By: Dan Cohen – 3/17/15
I was delighted to learn the other day that one of my clients received a clean bill of health from the IRS concerning its treatment of certain individuals as independent contractors rather than employees. The groundwork for this result was laid well in advance of the IRS audit and involved a detailed review of the operation and duties of the individuals and the adoption of an independent contractor agreement. This document was front and center of the IRS audit, and I like to think that it was influential.
Don’t get me wrong though: merely calling an employee an independent contractor in a contract will not protect your business from an adverse determination by the IRS, the Department of Labor (“DOL”), state agencies or class action attorneys. Yes, all are stakeholders in cases of employee misclassification. Several years ago, the U.S. Government Accountability Office estimated that employee misclassification costs the federal government in excess of $2.72 Billion in lost tax revenues. This cost may actually exceed $3 Billion today. State unemployment insurance tax losses are in the hundreds of millions. Beyond that, misclassified workers often are not paid minimum wages or overtime pay, and do not typically participate in employer-based health and pension plans.
Under the Obama Administration, the IRS and DOL have signed a Memorandum of Understanding enabling the two agencies to work together and share information to reduce misclassification cases. The DOL has collected tens of millions from employers in misclassification investigations since hiring 300 additional investigators to combat the problem. Michigan is one of nearly 20 states that have created inter-agency tasks forces to strengthen enforcement mechanisms. Of course, class action litigation has resulted in several high profile misclassification findings, like the exotic dancer case in 2012.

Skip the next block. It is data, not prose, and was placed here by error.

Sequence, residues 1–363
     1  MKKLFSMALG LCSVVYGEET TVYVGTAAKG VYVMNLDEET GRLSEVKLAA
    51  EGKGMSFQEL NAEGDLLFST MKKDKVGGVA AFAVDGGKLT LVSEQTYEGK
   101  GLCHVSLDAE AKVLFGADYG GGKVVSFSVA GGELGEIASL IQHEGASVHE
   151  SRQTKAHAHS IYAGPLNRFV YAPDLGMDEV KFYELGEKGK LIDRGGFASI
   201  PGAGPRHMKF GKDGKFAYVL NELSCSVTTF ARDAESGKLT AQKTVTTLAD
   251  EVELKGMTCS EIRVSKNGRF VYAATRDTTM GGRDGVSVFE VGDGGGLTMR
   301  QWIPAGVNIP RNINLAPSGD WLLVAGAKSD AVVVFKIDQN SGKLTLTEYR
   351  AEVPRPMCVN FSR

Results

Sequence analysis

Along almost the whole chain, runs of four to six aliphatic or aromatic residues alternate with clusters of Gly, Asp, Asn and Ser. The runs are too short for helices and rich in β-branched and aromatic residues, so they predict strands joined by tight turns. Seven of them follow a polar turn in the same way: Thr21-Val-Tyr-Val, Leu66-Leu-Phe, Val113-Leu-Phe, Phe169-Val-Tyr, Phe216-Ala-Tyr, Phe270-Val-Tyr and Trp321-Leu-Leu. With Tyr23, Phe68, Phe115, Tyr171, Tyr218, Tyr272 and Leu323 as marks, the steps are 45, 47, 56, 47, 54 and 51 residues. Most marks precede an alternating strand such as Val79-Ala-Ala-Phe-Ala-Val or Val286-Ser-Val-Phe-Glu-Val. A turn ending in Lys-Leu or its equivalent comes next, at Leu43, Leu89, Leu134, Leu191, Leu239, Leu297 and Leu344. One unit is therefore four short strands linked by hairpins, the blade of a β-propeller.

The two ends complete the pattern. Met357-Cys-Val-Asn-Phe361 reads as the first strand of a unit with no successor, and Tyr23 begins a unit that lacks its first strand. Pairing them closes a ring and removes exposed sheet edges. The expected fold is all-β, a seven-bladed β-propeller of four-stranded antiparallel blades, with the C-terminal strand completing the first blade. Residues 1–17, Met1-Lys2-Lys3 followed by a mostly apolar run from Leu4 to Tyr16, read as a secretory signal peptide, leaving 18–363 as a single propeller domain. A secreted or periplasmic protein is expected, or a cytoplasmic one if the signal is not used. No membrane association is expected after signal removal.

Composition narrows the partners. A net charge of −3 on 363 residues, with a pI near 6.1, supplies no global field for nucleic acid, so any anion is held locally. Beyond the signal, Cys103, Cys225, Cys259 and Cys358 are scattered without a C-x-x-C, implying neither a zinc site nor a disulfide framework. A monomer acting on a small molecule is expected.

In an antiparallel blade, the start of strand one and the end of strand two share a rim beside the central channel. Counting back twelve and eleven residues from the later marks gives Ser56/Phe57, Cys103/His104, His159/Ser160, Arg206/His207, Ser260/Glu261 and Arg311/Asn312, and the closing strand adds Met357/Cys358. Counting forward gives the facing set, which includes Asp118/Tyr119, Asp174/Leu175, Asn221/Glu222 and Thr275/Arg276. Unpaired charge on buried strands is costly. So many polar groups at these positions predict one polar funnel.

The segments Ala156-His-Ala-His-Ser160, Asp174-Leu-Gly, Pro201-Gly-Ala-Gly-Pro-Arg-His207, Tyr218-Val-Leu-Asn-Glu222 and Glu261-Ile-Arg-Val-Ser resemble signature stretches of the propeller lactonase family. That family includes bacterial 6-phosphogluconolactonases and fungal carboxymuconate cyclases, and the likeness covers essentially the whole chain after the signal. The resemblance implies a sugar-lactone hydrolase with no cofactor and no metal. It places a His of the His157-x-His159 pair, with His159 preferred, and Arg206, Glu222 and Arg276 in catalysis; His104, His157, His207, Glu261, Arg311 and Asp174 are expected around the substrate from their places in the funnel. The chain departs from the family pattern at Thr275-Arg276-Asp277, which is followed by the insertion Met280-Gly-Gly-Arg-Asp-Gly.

Workers are misclassified, often by mistake, but sometimes by design. For some professions, the line between employee and independent contractor is blurred and employers make the decision that an independent contractor designation is proper. Clearly, there are huge cost savings for employers who classify their employees as independent contractors. And, most of the legislation designed to protect employees (e.g. Title VII, NLRA, the Elliott-Larson Civil Rights Act) do not apply. It is for this reason that misclassification cases are so widespread.
However, unless you can pass the IRS right to control test and the economic realities test employed by the DOL and State of Michigan (among other states), the reward may not be worth the risk. Even though the temptation may still exist, make it a point to review the two tests which can be found at “Independent Contractor (Self-Employed) or Employee?” Internal Revenue Service, October 2, 2014. http://www.irs.gov/Businesses/Small-Businesses-&-Self-Employed/Independent-Contractor-Self-Employed-or-Employee as well as FACT SHEET 13: Am I an Employee?: Employment Relationship Under the Fair Labor Standards Act (FLSA).” Department of Labor, Wage and Hour Division, May 2014. http://www.dol.gov/whd/regs/compliance/whdfs13.htm. If you still believe the worker(s) are truly independent contractors, you should memorialize the terms and conditions of the relationship in an independent contractor agreement, establishing the workers independence, non-exclusivity, right to refuse assignments and the like.